These exercises help children to control their body, to develop orientation in the space, balance and graceful movement. Besides they increase concentration, self-discipline, prepare and train them for listening. When moving is finished we discuss walking on the line. Children express their experiences, feelings and emotions. They tell which materials are pleasant to walk on and which are not.



    Serving snacks

    At the beginning of the school year the teacher first serves snacks himself/herself. She puts on her apron and offers each child a drink, fruits… She uses polite expressions: »Here you are« and encourages children to answer: »Thank you«.

    After some days the teacher asks a child to serve snacks. On the next day another child serves snacks.

    Children develop positive self-image, social skills and become aware of the needs of other people. This activity encourages the following values: responsibility, caring for others, caring for themselves, help, politeness and friendship.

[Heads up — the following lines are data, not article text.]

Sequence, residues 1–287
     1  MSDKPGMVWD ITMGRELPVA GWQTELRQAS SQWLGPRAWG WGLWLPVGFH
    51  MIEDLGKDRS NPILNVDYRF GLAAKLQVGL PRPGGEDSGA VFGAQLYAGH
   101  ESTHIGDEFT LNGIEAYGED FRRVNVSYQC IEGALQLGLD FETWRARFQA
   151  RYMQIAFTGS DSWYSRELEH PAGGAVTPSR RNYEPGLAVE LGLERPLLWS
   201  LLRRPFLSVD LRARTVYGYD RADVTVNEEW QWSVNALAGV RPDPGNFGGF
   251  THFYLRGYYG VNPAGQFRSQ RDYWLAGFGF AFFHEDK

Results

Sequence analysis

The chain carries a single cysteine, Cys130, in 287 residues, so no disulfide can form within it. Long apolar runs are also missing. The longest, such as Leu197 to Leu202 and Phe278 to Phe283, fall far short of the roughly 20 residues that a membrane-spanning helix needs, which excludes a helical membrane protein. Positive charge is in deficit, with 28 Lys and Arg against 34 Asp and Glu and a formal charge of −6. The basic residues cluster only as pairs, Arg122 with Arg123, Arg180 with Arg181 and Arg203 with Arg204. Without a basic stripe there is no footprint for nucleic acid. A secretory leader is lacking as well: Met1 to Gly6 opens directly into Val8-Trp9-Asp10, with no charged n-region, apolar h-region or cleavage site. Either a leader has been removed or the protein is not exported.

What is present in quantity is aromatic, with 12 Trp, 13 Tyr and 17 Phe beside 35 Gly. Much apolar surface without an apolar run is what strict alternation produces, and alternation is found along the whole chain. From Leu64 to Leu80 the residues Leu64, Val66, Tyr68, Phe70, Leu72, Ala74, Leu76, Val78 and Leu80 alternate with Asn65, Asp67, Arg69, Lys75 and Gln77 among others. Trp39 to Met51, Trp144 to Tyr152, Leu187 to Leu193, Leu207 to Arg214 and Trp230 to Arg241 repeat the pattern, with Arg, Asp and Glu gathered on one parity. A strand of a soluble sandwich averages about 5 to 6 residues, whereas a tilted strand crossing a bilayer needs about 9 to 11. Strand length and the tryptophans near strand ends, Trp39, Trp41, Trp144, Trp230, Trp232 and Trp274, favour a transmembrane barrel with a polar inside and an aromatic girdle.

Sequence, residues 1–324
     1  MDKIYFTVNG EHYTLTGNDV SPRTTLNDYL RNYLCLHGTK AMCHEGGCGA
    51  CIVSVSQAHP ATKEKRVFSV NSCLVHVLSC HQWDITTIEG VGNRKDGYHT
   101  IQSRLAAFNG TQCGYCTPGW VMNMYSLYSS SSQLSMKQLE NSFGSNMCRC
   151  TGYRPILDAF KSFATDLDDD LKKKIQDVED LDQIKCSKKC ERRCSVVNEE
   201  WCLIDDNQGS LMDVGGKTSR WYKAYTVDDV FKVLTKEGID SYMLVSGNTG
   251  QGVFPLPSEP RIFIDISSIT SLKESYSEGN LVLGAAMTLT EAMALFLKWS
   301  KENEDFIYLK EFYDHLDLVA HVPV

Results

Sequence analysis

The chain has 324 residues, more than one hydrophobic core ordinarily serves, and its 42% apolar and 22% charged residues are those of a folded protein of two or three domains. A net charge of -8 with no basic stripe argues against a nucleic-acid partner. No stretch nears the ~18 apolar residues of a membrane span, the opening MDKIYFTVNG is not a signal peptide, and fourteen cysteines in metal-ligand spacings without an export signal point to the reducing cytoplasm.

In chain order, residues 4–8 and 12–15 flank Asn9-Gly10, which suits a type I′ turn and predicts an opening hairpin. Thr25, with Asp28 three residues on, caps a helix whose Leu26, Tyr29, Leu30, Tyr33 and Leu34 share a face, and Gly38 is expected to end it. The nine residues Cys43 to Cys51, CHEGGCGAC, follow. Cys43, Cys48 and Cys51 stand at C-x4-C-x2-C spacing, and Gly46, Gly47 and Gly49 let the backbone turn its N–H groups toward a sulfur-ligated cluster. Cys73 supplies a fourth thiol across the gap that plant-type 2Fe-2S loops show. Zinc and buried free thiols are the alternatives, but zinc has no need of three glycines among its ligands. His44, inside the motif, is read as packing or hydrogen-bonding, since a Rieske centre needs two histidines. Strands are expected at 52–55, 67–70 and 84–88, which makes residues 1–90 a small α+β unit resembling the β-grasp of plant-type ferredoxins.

Preparing the table

    Children can prepare the table for their own lunch and/or some children can prepare the tables for all children. This activity encourages the values of responsibility, help, politeness, friendship. Children develop positive self-image, concentration and social skills.

    Children that prepare the tables for lunch, wash their hands, put their aprons on and take the trays. They count the chairs at the tables which they prepare and thus learn how many covers to prepare. At first they bring the plates and put on the table one for each child. Then they bring also cups and put serviettes beside the plates, a spoon on the right and a fork on the left.